Campbell, however, has started a larger discussion: to what extent ought government be involved in the promotion of nutrition?

I’ll try to tackle that one next week.

Re-Assessing Nutrition, Part 1

I had the privilege of growing up during a period in which many sacred cows of nutrition became the focus of much scrutiny.

Many people may not remember, but not too long ago, (a) world-class athletes were sold on high protein/low carbohydrate diets; (b) coaches almost universally gave out salt tablets to athletes before games and practice; (c) it was not uncommon for professional teams to drink beer after games to rehydrate; (e) marathon runners–in order to “carbo load”–ate lots of sugary foods for the carbo-boost.

Today, those practices are sacrilege. While protein still gets a lot of hype–largely due to Atkins-mania–athletes are re-discovering the benefits of complex carbs. Salt tablets have given way to electrolyte replacers that go lighter on salt and provide more balance. Beer is now understood to be a DEHYDRATING agent. And marathon runners are looking more at gels (Hammer Gel, GU) and other products that provide complex carbohydrates prior to competition.

It is arguable that tennis stars Martina Navratilova and Ivan Lendl–and 6-time Ironman champion Dave Scott–provided the impetus for that nutrition revolution.

Lendl and Navratilova embraced the high complex carbohydrate/low protein approach of Robert Haas, and became the most dominant players in their sports. Navratilova–once an overweight underachiever–became the fittest player in the history of women’s tennis; Lendl held the #1 spot on the men’s tour for a record 270 weeks; Scott was similar in his approach–although he was a strict vegetarian. He would win six Ironman World Championships. (An Ironman triathlon consists of a 2.4-mile swim AND a 112-mile bike ride AND a full marathon of 26.2-miles.)

I followed a lot of that, and–after letting my fitness slip for a few years in the 1990s–embraced that path as I reached fitness levels I had not even realized in my high school days. I know many other athletes–especially marathoners and ultrarunners–who have taken this approach. For serious endurance athletes, it’s darn close to standard.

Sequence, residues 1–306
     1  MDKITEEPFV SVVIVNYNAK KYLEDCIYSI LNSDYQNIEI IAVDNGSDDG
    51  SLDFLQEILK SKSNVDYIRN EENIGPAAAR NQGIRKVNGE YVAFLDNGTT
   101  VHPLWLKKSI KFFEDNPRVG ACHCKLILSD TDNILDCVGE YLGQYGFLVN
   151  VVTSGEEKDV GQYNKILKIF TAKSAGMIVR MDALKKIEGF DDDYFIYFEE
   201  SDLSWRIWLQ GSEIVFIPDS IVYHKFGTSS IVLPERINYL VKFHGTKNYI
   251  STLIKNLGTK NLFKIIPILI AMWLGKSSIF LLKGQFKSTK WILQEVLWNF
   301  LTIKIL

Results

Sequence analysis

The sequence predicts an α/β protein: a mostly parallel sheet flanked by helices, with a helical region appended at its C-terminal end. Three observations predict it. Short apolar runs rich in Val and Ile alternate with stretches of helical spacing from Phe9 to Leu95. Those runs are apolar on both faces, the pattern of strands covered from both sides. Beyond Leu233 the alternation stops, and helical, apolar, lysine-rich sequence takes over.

A couple months ago, an acquaintance of mine who is in the same spin class gave me a book to read that challenged him: Prevent and Reverse Heart Disease, by Caldwell Esselstyn, MD. In it, Esselstyn–a renowned former Cleveland Clinic surgeon, combat surgeon in Vietnam, and Olympic Gold Medalist (rowing, 1958)–makes the case that, with a vegan approach, heart disease can be prevented and even reversed. The thrust of his book was his own study–during his Cleveland Clinic days–of a set of cardiac patients who had advanced heart disease. He put them on a total plant-based (vegan) diet, and the success was overwhelming.

The study wasn’t perfect–there was no “control” group. But still, his results are nothing to sneeze at. He had my attention.

I also noticed that the forward for his book was written by T. Colin Campbell, author of The China Study. A friend of mine–KM, who is a physician–recommended that I read that book as it is one of her favorites. So I read it, too.

I’ve had many conversations with KM over the years. And she, like Campbell, lamented that physicians do not get a lot of nutrition training. While she is not a vegan, she appreciates the principles that Campbell provides, and has adopted many of them.

Personally, I loathe most vegetarians, especially the envirowackos who are out to castigate anyone who eats chicken, fish, beef, or pork. I have no use for those types.

Still, I’m all about mitigating my controllable risks, and Campbell and Esselstyn provide a good case for anyone with known heart disease/cancer risks who wants to control those risks without medical approaches.

In part 2, I’ll discuss why I agree with Campbell and Esselstyn. (Hint: The “correlation does not equal causation” argument only goes so far.)